Classifying Science Plays

A few thoughts about classifying science plays

     Dramatists have long experimented with the lives and discoveries of scientists. Marlowe’s Doctor Faustus, Jonson’s The Alchemist, Shadwell’s The Virtuoso, Ibsen’s An Enemy of the People, Shaw’s Doctor’s Dilemma, Brecht’s Life of Galileo, Lawrence and Lee’s Inherit the Wind, and Durrenmatt’s The Physicists all examine some aspects of scientific content through drama. In the 1990’s playwrights Michael Frayn with Copenhagen and Tom Stoppard with Arcadia moved scientific content to the center of their dramatic works.  It is around this time the label “science plays” began to be attributed to these works.  The title serves as an umbrella term to describe a broad category of dramatic works that explore science, scientists and scientific content as a primary theme or through-line.  These works often delve into a wide range of scientific disciplines with mathematics, medicine, and technology being implied within the word “science.”  Although alternative labels have been offered by playwrights, scholars, and scientists such as “science-in-theater” to describe them, marketing directors and the theater critics find the term “science play” helpful in communicating the nature of these interdisciplinary works to audiences.  

     Science theater dramatizes scientific content and the lives of scientists within the theatrical event.  Science theater can dramatize a scientific theory; mirror a scientific idea within its structure; bring a scientist’s story to life; reveal ethical dilemmas arising from scientific discovery.  Science theater is also leading the movement to reclaim women’s contributions to the herstory of modern science.  At its best, science theater has the unique ability to awaken curiosity, dramatize complex scientific ideas, and illuminate human nature within the framework of a good story.  With many of these science theatre works the impulse in performance is to not lecture, but to share insights that awaken wonder and curiosity which lead to knowledge and understanding.  These works have taken many forms such as plays, musicals, operas, devised and immersive works, and performances.

-Denise Gillman-

Classification structure by Denise Gillman, Danielle Hartman and Shannon Farrow McNeely

Science Play/Theater Classification

  1. Dramatic work mirrors the scientific content 
  2. Dramatic work illuminates scientific content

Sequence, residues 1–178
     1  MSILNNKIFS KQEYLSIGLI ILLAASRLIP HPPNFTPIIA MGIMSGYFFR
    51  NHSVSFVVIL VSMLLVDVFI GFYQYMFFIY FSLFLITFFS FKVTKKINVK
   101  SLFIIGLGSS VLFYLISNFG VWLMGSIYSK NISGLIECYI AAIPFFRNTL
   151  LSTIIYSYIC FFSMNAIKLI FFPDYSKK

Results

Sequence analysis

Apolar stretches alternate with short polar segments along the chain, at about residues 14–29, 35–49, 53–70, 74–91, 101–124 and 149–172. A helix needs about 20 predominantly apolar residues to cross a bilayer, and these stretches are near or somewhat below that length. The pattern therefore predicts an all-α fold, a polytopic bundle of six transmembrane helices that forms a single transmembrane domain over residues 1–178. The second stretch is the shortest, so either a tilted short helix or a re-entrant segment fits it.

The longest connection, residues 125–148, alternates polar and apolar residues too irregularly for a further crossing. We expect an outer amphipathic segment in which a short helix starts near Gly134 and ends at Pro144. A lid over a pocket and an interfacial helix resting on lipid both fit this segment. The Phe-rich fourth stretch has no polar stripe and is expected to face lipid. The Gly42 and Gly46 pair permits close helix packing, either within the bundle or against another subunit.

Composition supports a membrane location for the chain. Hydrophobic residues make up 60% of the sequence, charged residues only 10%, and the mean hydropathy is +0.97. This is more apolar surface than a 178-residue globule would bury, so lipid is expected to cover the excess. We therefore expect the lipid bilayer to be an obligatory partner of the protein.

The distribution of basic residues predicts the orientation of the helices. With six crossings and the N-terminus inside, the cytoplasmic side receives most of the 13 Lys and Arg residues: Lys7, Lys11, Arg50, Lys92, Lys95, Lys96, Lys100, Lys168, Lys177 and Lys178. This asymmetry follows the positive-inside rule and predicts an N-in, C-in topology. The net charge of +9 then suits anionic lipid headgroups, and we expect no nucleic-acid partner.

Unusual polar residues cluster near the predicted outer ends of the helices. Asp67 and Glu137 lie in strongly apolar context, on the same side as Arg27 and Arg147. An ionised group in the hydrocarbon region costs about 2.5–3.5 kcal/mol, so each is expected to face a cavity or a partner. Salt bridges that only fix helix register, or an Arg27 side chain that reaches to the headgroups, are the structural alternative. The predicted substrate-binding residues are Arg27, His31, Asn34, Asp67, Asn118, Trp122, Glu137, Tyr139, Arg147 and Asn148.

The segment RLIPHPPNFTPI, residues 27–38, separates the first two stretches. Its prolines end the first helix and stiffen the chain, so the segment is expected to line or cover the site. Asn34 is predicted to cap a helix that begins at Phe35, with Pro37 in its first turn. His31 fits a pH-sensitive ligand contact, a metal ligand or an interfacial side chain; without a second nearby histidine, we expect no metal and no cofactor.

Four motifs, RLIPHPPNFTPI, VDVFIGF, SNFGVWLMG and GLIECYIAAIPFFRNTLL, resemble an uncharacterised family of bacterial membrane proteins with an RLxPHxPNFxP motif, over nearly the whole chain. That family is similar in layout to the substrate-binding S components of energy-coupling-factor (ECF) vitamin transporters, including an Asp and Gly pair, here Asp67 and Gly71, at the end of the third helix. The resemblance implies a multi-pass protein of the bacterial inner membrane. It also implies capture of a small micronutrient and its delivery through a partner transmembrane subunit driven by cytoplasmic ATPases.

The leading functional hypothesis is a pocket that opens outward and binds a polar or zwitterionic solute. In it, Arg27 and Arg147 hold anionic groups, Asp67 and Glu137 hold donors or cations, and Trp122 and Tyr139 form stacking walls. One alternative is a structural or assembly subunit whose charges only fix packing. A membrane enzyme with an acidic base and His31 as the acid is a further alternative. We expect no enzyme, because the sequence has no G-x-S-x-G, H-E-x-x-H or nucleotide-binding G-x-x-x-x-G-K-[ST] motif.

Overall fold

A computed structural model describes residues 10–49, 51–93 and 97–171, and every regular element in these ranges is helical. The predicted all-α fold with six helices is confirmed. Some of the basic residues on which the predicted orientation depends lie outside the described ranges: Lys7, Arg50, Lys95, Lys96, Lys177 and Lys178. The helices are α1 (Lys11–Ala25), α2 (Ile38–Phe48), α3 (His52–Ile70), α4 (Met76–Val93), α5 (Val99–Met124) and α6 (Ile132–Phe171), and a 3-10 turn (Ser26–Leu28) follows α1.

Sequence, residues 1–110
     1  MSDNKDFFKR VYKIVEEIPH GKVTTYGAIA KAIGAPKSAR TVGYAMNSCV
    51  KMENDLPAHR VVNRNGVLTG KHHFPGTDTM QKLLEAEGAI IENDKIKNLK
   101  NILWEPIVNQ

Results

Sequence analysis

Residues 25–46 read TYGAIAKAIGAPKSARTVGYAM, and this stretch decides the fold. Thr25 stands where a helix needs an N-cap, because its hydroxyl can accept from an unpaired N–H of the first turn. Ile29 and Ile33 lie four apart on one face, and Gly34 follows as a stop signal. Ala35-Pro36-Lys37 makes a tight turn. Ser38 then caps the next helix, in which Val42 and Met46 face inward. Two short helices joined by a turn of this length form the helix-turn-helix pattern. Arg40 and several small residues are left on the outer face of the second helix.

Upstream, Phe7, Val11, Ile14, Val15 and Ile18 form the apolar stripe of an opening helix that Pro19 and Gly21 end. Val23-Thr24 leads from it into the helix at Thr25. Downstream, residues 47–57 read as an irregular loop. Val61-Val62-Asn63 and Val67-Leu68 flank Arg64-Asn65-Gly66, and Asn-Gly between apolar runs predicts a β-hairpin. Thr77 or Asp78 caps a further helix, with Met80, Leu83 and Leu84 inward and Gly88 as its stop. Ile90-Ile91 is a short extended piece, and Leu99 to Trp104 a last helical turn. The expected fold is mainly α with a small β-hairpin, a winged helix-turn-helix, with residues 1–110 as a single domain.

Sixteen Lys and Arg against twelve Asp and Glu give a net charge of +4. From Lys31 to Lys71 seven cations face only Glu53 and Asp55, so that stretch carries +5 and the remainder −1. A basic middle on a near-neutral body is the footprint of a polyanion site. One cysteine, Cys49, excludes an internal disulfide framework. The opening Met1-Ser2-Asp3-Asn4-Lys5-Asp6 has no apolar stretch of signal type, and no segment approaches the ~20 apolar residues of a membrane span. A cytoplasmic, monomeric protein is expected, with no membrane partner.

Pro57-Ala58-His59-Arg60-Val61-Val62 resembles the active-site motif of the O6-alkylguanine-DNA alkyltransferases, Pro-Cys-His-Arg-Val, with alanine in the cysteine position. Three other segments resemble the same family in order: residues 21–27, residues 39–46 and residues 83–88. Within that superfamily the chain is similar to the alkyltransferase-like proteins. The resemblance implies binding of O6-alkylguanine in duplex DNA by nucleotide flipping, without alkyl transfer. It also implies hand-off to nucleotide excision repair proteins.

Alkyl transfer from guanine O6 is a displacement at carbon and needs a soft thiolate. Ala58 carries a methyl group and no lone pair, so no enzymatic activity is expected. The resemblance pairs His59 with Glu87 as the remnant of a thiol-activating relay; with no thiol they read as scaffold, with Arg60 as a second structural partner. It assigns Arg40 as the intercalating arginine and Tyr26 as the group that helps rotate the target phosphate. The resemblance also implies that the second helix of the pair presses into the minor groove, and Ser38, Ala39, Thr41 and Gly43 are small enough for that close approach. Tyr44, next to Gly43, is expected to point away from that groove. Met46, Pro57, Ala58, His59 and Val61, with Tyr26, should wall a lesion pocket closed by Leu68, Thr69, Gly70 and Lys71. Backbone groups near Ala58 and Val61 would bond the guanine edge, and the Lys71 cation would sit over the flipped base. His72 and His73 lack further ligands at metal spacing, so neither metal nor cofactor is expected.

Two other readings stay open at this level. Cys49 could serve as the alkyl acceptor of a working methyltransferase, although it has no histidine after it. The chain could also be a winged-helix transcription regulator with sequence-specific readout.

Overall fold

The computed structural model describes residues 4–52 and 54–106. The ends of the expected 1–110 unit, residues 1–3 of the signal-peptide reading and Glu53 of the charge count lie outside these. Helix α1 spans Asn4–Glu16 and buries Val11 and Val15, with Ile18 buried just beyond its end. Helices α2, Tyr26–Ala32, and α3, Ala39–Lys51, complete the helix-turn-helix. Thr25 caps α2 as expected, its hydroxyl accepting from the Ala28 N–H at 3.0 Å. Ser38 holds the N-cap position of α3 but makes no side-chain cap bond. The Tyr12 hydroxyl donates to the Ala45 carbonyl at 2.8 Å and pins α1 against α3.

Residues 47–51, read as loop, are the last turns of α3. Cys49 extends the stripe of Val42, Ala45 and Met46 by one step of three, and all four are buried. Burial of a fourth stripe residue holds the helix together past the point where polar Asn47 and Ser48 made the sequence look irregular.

3. Dramatic work reveals the scientific process or the work of scientist (s) 
  4. Dramatic work dramatizes the struggle narrative of a fictional and/or historical scientist (s) 
  5. Dramatic work portrays a moral or ethical dilemma or debate 
  6. Dramatic work references scientific content or a scientist (s) 

**Many science play/theater works explore more than one of these above classifications

Eva-Sabine Zehelein offers in her monograph, Science:  Dramatic Science Plays in America and Great Britain 1990-2007, a reflective and comprehensive taxonomy.  She proposes the following descriptions for the four science play types: 

(1) an accurate description and representation of the scientific idea or theme; 

(2) a realistic depiction of the tribal culture of the scientists; 

(3) a plot which is firmly rooted in the scientific topics and/or context; 

(4) and a didactic element where science might be intimated through the title, but is not a major factor within the play.  

  1. Playwrights wish to inform their audiences about “facts,” deliver the background knowledge first, and then ask questions, but without providing answers.  These plays comment more about the here and now, with a look toward the future, the potential development of scientific research, the respective consequences for society and the world at large and the way our lives will be lived, than about the past.
  2. (a) A general audience learns what characterizes the individual scientist and the scientists as a group, guides their thinking and behavior, makes them tick, or what constitutes the underlying fascination of the scientific endeavor.  The social & cultural influence of science comes to the fore, and the plays ask us to consider our attitudes and opinions.  (b) “History of Science in Theater” plays, looks back in time on actual historical events and real scientists, and asks about their role, representations, and media /mediated images.  The meta-dramatic discourse of history figures very prominently, and the plays confront the past to guide us into the future.
  3. “Science to Play With” is a category which encloses Arcadia, a play where the Science is used for-very intelligent and sophisticated metaphorical and symbolical levels of meaning with a plot where scientific themes are part of a larger metaphysical spiel.
  4. Science as Fig Leaf:  science or the name of a scientist in the title and/or plot, but the dramatic action is not focused on either and there is no symbolical or substantial metaphorical usage of science to be detected.”